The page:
Healthcare

Texas Health to Increase Graduate Medical Education Commitments

In a move to improve the growing physician shortage, Texas Health Resources announced that it is increasing its graduate medical education commitments, growing the number of residents who serve in its hospitals.

The physician shortage is becoming more acute with the retirement of the Baby Boomers coinciding with that generation needing more healthcare services. While more pronounced in rural areas, Dallas-Fort Worth has fewer residency clots per capita than Chicago, Houston, New York, and Los Angeles. The American Association of Medical Colleges says the country will have a shortage of 42,600 and 121,300 physicians by 2030.

In the next 12 years, there will be a 55 percent increase in the country’s population over the age of 65. Two-thirds of seniors have at least one chronic illness and 20 percent of them see up to 14 physicians regularly. Physicians too, are aging. More than 25 percent of practicing physicians are over 60, many of whom will retire in the next decade. An added pressure is the caps on the number of residency slots because of the Balanced Budget Act of 1997, meaning some medical students are left without a residency in this country, despite the shortage.

Expanding residencies and access to medical education is a concept that has received increased attention, especially as healthcare becomes a key issue in the democratic primary. Dallas’ own Mark Cuban has even weighed in on the subject.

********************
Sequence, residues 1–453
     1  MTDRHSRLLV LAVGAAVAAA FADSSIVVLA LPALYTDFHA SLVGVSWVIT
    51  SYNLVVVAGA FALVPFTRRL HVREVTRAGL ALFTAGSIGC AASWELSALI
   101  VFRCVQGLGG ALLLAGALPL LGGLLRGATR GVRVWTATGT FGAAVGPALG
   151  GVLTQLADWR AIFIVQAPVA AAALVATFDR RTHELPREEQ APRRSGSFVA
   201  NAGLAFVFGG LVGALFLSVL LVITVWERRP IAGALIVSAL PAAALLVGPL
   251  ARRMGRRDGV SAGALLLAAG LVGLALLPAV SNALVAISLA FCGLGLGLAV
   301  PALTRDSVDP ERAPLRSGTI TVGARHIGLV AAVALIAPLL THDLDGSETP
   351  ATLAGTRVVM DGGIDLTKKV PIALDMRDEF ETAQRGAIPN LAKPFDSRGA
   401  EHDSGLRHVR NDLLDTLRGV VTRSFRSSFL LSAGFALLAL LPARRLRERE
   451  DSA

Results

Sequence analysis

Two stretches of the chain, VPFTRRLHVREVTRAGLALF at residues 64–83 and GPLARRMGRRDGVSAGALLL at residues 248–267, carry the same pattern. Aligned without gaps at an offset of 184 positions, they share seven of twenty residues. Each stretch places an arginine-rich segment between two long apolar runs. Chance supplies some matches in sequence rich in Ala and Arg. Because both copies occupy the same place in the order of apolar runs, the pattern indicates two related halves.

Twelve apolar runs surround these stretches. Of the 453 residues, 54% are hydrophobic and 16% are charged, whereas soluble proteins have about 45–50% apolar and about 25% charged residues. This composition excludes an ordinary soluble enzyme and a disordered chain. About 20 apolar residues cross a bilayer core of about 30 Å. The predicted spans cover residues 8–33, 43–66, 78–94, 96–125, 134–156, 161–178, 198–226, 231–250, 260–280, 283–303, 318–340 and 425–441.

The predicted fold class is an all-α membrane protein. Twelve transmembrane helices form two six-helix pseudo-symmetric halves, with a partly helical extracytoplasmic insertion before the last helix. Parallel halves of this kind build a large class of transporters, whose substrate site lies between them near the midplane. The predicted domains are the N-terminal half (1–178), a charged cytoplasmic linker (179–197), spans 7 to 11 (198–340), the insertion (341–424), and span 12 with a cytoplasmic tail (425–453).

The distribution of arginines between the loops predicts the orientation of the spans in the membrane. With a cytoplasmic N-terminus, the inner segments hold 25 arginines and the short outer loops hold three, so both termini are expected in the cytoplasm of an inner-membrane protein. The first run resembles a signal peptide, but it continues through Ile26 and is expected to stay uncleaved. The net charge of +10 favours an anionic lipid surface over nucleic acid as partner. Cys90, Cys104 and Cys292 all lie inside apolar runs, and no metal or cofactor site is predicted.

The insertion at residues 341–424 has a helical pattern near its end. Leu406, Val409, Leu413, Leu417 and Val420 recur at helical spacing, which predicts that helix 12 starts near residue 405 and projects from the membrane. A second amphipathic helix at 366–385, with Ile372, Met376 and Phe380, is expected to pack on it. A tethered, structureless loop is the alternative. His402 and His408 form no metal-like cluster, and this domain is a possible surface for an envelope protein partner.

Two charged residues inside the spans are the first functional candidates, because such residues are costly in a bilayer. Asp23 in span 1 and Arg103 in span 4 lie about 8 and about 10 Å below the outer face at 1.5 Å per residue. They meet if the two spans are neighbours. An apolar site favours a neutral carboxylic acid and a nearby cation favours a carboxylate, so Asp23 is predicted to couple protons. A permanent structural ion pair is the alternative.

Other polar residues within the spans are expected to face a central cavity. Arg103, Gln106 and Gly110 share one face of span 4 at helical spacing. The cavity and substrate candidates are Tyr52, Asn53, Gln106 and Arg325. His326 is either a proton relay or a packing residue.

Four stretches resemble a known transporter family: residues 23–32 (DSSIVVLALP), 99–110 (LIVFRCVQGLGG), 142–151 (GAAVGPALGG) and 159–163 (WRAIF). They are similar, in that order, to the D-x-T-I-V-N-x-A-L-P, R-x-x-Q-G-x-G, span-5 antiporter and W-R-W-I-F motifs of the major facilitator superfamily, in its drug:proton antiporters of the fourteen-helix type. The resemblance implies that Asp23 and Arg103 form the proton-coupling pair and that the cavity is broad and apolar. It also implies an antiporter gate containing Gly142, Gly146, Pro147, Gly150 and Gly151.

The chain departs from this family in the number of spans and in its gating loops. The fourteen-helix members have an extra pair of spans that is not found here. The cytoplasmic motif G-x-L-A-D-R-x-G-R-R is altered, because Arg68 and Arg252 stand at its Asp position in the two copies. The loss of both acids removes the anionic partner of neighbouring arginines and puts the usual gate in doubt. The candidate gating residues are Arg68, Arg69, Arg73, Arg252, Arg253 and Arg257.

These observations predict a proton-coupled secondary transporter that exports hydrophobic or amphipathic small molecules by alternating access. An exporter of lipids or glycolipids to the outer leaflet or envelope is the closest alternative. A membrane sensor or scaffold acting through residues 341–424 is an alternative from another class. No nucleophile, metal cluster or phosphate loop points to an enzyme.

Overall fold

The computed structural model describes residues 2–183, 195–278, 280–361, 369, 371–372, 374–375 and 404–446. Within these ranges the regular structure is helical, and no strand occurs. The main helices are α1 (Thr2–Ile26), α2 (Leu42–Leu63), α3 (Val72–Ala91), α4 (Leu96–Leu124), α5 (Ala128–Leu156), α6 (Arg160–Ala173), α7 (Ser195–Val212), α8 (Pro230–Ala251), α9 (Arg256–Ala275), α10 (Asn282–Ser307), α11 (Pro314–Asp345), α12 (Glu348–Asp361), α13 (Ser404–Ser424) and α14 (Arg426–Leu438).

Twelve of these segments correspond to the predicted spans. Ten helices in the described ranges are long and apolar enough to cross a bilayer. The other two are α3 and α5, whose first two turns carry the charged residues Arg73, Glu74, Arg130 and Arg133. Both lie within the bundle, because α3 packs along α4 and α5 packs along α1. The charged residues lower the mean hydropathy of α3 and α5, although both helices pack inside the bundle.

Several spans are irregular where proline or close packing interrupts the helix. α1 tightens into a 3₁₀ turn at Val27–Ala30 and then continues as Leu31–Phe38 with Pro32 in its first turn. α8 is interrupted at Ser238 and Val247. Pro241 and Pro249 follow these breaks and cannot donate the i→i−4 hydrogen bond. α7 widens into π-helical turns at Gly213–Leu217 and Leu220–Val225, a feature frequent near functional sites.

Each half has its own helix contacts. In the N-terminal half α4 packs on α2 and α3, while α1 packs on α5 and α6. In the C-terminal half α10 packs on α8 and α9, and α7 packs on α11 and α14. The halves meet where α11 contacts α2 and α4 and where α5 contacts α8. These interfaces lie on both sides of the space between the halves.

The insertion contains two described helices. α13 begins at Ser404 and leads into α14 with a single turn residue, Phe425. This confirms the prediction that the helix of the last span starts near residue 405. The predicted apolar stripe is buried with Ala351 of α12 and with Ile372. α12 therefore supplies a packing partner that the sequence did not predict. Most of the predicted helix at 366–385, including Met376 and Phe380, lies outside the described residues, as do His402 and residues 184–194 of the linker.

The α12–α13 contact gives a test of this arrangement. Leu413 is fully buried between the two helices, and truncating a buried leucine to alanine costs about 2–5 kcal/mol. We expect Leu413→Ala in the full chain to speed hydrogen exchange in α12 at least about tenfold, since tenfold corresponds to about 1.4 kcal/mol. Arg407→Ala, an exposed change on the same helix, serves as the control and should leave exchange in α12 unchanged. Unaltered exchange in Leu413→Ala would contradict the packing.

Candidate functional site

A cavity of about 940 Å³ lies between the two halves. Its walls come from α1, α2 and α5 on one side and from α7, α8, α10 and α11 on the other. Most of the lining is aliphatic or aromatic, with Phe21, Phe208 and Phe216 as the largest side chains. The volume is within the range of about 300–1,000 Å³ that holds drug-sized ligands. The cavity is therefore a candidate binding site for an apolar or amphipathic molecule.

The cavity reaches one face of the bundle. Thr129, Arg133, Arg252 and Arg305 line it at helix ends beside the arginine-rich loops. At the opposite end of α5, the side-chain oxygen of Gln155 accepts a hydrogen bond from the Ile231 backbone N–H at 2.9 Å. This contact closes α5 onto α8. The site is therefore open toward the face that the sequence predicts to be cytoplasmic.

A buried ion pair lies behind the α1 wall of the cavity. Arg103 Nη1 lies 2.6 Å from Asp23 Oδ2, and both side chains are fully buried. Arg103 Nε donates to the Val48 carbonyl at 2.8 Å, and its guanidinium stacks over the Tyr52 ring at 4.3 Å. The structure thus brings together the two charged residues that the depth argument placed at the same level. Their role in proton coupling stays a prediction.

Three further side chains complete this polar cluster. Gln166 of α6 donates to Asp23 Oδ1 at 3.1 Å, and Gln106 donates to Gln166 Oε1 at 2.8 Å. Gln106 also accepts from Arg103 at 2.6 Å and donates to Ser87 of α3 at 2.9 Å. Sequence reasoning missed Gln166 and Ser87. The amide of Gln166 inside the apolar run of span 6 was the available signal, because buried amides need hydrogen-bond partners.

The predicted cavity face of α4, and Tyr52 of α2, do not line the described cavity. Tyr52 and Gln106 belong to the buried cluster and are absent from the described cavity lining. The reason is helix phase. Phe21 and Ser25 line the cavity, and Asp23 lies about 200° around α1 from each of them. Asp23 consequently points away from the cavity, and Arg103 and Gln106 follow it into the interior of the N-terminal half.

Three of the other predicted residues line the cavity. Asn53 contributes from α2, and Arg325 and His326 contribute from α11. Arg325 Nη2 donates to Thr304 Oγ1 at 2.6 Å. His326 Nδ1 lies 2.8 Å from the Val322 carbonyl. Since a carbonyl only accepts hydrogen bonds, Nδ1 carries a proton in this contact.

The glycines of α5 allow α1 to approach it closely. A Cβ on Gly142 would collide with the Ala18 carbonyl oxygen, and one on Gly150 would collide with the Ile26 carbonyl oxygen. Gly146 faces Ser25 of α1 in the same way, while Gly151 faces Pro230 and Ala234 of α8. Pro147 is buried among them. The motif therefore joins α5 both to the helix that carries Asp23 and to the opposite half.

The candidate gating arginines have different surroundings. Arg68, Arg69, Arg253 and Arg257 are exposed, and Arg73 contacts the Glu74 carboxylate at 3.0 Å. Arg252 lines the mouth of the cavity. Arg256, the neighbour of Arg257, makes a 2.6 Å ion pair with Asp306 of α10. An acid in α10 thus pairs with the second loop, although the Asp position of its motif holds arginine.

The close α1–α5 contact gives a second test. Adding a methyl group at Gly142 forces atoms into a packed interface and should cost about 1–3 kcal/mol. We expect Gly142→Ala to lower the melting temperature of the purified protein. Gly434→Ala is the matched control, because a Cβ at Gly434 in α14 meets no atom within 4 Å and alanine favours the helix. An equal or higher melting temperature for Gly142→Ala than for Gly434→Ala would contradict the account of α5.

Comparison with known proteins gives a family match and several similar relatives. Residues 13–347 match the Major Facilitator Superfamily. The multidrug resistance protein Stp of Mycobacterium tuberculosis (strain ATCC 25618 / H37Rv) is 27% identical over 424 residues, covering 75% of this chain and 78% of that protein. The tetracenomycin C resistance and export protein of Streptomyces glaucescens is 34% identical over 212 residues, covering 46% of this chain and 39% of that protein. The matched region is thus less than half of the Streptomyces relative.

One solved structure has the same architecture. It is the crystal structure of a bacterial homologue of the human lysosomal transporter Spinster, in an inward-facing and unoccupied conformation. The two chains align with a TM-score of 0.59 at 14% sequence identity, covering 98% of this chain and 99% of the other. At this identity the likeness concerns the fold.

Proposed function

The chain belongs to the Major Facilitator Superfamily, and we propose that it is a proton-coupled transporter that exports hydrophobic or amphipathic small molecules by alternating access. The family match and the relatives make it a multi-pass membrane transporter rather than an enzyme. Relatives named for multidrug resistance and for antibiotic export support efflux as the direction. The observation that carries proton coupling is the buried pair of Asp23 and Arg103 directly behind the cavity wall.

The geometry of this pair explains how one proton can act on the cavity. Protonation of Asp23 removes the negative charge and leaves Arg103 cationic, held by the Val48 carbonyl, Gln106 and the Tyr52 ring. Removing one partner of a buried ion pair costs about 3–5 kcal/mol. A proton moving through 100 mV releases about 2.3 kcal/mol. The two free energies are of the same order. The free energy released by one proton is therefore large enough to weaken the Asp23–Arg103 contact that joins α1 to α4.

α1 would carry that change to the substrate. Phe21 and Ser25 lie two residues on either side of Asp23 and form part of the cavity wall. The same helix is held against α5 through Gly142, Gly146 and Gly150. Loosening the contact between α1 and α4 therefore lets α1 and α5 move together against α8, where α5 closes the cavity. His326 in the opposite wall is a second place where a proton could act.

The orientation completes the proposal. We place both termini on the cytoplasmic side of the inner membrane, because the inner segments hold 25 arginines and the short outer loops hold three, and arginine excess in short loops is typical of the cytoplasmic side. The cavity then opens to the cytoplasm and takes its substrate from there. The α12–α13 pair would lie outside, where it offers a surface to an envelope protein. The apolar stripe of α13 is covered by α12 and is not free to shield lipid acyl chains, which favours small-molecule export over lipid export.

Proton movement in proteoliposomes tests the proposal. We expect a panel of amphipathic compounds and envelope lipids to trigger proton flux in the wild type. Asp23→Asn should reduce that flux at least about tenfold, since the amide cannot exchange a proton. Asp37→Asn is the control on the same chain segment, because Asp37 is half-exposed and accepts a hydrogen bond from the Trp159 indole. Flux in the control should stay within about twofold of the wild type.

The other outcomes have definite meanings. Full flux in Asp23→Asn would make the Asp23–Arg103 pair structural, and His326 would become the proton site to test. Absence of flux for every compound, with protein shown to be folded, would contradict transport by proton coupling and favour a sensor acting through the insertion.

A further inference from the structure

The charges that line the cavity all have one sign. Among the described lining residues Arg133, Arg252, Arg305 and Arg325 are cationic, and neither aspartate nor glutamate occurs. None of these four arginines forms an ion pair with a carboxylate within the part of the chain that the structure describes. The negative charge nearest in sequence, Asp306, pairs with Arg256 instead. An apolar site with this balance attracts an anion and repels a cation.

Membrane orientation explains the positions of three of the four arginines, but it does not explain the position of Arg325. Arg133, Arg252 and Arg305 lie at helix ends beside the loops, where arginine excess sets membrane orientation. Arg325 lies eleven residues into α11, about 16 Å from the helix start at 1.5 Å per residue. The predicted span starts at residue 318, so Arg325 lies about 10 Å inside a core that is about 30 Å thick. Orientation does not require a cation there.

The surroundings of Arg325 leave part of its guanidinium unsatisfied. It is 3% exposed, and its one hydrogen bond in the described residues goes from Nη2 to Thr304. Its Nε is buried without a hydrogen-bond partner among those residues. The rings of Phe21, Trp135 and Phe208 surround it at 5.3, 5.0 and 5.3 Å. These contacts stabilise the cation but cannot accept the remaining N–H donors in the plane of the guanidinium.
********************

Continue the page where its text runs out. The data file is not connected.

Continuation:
THR’s program will focus on primary care specialties like internal medicine, family medicine, OBGYN, general surgery, psychiatry, and emergency medicine. Over the next three years, the program will scale up to 350 residents working in THR hospitals in North Texas. There are currently over 40 residents working at Texas Health Presbyterian Hospital Dallas. Further expansion will take place at Texas Health Harris Methodist Hospital Fort Worth in 2021, with other outpatient clinics and rural healthcare settings to follow.

“This is another step in Texas Health’s vision of partnering with our communities for a lifetime of health and well-being,” said Barclay E. Berdan, chief executive officer fo THR via release. “Since residents often continue their careers where they train, we expect this effort will help our communities for decades to come. These residents also will help expand the services we can provide to the community inside our hospital walls, in our clinics and other patient care settings.”

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